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The best laid plans are none. Smokey, lurkingThe boys, dog tired after a big walkPestering Cork
The best laid plans are none.
The best laid plans are none.
Smokey, lurking
Smokey, lurking
The boys, dog tired after a big walk
The boys, dog tired after a big walk
Pestering Cork
Pestering Cork

Coy-Dog Antics

Things Smokey likes to do without any order, or preference:

  • Steal toilet paper rolls
  • Shred toilet paper rolls
  • Steal soft toys and take them outside
  • Hide shoes
  • Dig under the fence
  • Lope in neighbors backyards and sneak back
  • Nip Cork's hind legs
  • Hump Cork to show dominance
  • Yip at Cork when Cork takes him down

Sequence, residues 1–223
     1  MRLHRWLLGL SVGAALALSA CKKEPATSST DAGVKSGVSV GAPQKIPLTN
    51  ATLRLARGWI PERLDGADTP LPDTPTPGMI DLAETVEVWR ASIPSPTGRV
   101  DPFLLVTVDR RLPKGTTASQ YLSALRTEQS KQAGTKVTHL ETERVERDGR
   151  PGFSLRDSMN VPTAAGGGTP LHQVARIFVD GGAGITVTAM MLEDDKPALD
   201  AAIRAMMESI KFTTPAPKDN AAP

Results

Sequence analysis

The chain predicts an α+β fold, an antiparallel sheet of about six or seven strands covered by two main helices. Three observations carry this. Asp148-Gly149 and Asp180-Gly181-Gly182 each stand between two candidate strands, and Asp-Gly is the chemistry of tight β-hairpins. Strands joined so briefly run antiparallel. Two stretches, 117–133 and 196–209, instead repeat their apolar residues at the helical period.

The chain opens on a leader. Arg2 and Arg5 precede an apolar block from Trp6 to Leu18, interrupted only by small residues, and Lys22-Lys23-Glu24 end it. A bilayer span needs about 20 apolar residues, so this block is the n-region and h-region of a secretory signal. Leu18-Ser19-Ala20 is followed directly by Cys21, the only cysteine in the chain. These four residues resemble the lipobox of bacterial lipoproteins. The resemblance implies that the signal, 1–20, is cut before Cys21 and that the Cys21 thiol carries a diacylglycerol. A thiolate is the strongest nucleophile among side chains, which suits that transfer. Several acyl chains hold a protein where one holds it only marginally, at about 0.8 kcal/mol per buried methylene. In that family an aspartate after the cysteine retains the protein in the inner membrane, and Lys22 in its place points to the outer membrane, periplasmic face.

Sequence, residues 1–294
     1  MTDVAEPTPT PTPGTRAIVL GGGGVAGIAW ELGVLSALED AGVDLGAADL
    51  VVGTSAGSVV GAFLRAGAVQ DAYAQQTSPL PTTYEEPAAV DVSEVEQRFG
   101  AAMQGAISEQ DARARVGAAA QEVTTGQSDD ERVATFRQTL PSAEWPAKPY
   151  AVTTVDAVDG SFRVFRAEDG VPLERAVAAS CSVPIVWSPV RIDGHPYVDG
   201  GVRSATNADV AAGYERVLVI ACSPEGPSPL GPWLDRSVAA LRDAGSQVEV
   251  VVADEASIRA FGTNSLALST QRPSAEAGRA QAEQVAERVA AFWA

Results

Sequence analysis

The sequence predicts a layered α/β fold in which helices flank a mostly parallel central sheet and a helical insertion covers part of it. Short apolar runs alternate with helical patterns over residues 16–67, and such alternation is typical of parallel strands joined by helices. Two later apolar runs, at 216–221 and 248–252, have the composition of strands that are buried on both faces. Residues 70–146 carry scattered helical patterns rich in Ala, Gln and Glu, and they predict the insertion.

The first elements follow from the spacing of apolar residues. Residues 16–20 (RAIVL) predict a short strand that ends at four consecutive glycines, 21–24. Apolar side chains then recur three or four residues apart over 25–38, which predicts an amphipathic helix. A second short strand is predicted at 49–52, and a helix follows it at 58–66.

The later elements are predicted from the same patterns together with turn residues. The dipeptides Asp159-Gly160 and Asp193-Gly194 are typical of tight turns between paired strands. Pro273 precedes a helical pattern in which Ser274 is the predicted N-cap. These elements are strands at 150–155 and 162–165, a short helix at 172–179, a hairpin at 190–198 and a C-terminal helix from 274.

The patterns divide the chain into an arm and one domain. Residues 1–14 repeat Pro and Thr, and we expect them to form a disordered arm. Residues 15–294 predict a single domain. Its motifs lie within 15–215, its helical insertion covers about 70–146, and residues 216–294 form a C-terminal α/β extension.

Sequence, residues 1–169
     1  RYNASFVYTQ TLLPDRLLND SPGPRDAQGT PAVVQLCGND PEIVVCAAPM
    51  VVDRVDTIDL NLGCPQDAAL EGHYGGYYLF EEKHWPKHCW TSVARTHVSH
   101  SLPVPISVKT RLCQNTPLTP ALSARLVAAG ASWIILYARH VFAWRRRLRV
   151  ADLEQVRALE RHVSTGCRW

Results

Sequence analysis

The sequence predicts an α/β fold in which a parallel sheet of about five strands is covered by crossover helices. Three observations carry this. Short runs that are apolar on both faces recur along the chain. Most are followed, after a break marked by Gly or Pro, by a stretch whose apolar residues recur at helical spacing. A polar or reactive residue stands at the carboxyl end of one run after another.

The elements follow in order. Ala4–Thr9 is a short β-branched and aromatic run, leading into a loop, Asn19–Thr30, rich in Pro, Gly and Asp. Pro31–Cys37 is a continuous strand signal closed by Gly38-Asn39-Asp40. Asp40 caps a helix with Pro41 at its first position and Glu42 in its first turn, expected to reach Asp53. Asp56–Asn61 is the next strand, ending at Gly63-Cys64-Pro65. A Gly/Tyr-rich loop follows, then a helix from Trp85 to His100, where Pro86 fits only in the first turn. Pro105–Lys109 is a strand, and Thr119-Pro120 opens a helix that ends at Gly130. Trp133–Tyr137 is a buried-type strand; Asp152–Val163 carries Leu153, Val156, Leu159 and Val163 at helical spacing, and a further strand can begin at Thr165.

• Yip-Yap-Howl talk to people and animals
  • Take his meat from his bowl and eat it under the table
  • Steal tools
  • Chase cats and hold them
  • Jump (up to 6 feet high)
  • Play "take-down" (nips Cork's ankles causing him to tumble
  • Play run by "fruiting" ( darts in and out and nips at feet and unprotected body parts, such as the thigh or torso)
  • Stalk
  • Run at full speed in figure 8's (never looks exhausted when he's done)
  • Be in the center of the family
  • Gnaw bones
  • Bury Bones
  • Dig Bones Up
  • Wrestle Cork INCESSANTLY
  • Yip next to Cork's ear

Ron and his Coy-boy, Smokey            /  Dec  2011
Ron and his Coy-boy, Smokey / Dec 2011

Sit & Shake

The Head of the Pack